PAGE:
This won't come as any big surprise, but the chart below from the Tax Policy Center does a very nice job of showing how the rich are different from you and me. Most of us earn money from our jobs. Even up at the 90th percentile (about $150,000 or so), ordinary income makes up 77 percent of all cash earnings. Business and investment income make up only 9 percent. But in the top 0.1 percent, the domain of millionaires and billionaires, business and investment income make up 57 percent of cash earnings. As Jared Bernstein says, this explains a lot about economic policy preferences:
Think about these differences the next time you hear a politician explaining why we need to cut taxes on corporate income or capital gains....The framing is invariably “trickle-down”—such cuts will lift everybody’s fortunes—but the real motivation is what you see here. Once you get up to the very top of the income scale—the top 0.1% in the bar furthest to the right (as it were)—you’ve got two-thirds of their income coming from non-labor sources.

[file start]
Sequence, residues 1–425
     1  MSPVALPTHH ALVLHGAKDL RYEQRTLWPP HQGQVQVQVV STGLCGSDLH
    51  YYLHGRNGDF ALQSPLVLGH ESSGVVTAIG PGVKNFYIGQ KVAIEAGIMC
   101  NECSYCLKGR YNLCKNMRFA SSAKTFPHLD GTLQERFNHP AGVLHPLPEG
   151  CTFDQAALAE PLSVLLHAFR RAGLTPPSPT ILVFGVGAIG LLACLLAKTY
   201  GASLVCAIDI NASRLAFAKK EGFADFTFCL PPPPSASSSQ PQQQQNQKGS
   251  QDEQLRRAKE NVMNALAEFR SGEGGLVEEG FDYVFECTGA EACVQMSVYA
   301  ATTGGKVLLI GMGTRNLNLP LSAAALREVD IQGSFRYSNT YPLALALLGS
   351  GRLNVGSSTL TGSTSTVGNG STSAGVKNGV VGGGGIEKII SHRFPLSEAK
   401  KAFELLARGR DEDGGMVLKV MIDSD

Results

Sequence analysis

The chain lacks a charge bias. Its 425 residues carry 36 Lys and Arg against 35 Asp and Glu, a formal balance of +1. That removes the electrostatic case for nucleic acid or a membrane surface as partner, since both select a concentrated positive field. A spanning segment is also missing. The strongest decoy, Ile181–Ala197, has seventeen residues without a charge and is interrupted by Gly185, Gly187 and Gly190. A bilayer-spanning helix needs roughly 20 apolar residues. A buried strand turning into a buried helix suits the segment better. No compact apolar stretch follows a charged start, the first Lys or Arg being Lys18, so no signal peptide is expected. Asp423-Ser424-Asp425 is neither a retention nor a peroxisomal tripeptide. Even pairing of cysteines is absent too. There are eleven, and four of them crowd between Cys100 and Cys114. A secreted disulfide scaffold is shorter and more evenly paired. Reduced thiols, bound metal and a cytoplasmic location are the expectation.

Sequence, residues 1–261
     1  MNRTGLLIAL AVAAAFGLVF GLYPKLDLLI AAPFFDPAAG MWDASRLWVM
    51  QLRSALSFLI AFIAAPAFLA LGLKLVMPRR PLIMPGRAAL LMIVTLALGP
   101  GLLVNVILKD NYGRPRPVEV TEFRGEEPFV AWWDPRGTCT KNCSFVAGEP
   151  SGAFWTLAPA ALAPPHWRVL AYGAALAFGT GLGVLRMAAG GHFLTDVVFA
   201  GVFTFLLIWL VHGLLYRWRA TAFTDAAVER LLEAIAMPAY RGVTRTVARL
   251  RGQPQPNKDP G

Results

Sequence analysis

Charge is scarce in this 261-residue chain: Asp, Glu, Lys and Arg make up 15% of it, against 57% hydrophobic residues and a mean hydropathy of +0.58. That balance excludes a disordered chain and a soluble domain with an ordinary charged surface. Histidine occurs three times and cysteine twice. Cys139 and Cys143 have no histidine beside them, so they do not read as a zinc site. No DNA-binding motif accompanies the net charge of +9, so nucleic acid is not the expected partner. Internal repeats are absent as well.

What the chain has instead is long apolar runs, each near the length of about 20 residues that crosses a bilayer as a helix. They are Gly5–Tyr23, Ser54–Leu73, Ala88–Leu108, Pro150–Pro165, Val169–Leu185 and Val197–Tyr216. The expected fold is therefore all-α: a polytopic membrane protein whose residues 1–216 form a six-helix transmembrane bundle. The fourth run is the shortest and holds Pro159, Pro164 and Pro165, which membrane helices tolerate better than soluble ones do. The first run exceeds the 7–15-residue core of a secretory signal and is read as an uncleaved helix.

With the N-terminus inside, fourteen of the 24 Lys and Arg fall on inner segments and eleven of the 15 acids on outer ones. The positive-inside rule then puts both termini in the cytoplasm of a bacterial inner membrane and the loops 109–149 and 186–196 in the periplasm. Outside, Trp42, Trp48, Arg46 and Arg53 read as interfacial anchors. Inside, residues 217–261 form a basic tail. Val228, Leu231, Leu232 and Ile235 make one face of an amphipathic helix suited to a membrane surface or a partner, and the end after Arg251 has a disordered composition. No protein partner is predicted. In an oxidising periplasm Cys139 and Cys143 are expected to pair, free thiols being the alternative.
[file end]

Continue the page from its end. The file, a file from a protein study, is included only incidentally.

Low corporate and capital gains taxes, as well as cuts to top marginal rates, are always framed as crucial to economic growth. Conversely, high payroll taxes are always framed as crucial to keeping Medicare and Social Security fully funded. And maybe so. But it's quite a coincidence that all of these policies just happen to be precisely what benefits rich people the most, isn't it? Keep that in mind the next time you hear the latest self-serving bit of richsplaining from some Wall Street titan about taxes and the economy. You know the drill: job creators, incentive effects, globalization, capital formation, etc. etc. Just don't worry your pretty little head about the details, OK?